Flash Gordon's (1979-1982) ninth chapter, "Monster of the Glacier" by writer Ted Pederson finds Dr. Zarkov, Thun, Dale and Count Mallow in the evil clutches of Bruka and the giants of Fridgia.
Meanwhile, Flash and throaty-voiced Queen Fria are assumed to have perished in an avalanche, but in truth, they have survived and are plotting to rescue their friends.
While Dale resists the thuggish advances of the brute Bruka, Flash makes googly-eyes at Fria, calling her a "lovely lady." She offers him a place near her throne, but then they get back to business. While Fria frees the group, Flash battles Bruka underground for Dale's freedom. Flash is victorious (thanks to a well-placed rock, in a variation of the David vs. Goliath battle).
All together now, the fugitives flee into the caverns (which Flash quips are "worse than the Los Angeles freeway system.") They dive into an underwater river to escape Bruka once and for all, but then find themselves in the "dominion of Korel," a multi-headed electrical hydra.
The team appears doomed until Zarkov figures out a way to short circuit the monster, and Thun and Flash do the grunt work. After the beast is destroyed in a cataclysmic series of shocks and pops, Flash comments: "Some fireworks, huh?"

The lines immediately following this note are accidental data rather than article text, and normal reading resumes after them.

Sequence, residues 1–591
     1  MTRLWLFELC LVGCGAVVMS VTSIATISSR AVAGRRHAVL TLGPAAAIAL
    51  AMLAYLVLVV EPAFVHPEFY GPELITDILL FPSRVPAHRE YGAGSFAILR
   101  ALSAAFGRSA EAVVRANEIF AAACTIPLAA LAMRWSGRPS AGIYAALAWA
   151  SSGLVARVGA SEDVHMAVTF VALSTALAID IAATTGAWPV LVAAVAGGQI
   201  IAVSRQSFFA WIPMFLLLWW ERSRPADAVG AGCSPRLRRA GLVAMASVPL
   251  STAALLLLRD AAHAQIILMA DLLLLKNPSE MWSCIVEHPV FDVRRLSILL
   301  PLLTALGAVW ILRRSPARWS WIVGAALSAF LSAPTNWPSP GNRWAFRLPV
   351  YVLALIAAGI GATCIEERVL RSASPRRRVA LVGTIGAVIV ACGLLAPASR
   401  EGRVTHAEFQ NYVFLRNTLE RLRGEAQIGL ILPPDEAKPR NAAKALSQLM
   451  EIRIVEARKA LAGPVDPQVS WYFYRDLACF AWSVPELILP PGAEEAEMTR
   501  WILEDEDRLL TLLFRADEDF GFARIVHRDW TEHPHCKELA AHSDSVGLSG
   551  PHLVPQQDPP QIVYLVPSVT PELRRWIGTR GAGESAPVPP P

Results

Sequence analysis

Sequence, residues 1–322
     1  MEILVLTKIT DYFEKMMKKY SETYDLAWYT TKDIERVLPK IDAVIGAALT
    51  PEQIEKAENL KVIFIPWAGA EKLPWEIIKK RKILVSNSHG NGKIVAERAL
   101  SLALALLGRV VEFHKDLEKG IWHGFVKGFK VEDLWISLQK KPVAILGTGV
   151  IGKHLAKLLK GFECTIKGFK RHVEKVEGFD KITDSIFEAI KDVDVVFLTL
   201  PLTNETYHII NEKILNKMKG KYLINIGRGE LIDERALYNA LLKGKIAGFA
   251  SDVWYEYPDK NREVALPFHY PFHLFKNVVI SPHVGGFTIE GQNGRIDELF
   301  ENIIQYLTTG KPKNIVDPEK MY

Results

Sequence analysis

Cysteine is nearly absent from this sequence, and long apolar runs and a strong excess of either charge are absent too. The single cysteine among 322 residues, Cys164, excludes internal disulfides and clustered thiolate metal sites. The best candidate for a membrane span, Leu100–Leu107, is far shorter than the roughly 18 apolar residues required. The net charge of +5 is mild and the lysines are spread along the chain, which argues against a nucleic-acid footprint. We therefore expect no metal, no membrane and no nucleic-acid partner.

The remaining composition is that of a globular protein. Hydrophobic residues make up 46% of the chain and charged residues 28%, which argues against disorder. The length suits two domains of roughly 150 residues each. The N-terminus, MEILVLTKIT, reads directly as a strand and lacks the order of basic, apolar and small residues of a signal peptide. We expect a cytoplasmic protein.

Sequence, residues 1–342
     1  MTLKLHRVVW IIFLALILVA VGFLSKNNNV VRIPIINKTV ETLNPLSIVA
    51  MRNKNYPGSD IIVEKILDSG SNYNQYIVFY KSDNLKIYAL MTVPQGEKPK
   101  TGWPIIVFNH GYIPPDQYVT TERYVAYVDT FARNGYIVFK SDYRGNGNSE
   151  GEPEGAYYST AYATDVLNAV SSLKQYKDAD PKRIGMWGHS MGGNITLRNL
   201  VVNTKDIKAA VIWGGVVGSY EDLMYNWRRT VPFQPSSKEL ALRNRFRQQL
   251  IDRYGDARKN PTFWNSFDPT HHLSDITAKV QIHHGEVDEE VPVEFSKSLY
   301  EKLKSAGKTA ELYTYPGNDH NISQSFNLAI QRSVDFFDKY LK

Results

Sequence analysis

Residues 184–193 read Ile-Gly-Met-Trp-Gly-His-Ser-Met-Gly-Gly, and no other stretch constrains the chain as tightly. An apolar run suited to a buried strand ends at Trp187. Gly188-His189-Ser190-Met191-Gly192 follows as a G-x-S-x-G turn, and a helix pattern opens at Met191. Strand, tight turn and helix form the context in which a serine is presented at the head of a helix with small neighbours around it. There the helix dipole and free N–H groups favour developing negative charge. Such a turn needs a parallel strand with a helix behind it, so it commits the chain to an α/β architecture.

Free now, Flash says goodbye to Queen Fria, who has come to realize that the hunky hero will never leave Dale Arden. They part friends and Flash, Thun, Zarkov and Dale next raid Mongo's rocket railroad! They board the train for Arboria with the Orium they came for, and after destroying several of Ming's metal minions. Then it's au revoir at last to Fridgia (the subject of two chapters).
Watching "Monster of the Glacier," one can determine why Flash Gordon (like Buck Rogers or James Bond) is such a basic and enduring male hero.
He's got cool, colorful friends (like Thun, a lion man, for goodness sake), a good girl at his side through thick and thin (Dale Arden), and the universal affection of bad, sexy girls like Aura, Undina and Fria.
Plus, he has super-cool adventures in caves, underwater, on trains, in spaceships and the like. Who wouldn't want to be this guy?
What's funny is that this variation of the character Flash is such a square. Sure, this is a program for kids, but Flash is still awfully righteous and stolid. Every now and then, I miss the leer and humor of Gil Gerard's Buck Rogers in the 25th Century.
"The Monster of the Glacier" is a pretty undistinguished story. If last week's chapter copied note-for-note episode 6 (the water world story), then this one is a blatant re-do of "The Beast Man's Prey."
Here, however, giants replace the beast men. Still, that's a small distinction. And for the third time, we get the same shot of Dr. Zarkov being trapped by an enemy bola.
Next week: "Blue Magic."